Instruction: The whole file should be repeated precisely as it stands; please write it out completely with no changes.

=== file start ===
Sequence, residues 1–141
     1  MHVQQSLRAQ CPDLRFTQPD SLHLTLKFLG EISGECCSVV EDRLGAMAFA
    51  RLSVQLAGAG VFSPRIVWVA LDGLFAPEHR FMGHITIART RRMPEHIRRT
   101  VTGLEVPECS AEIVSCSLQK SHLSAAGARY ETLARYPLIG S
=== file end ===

Sequence, residues 1–141
     1  MHVQQSLRAQ CPDLRFTQPD SLHLTLKFLG EISGECCSVV EDRLGAMAFA
    51  RLSVQLAGAG VFSPRIVWVA LDGLFAPEHR FMGHITIART RRMPEHIRRT
   101  VTGLEVPECS AEIVSCSLQK SHLSAAGARY ETLARYPLIG S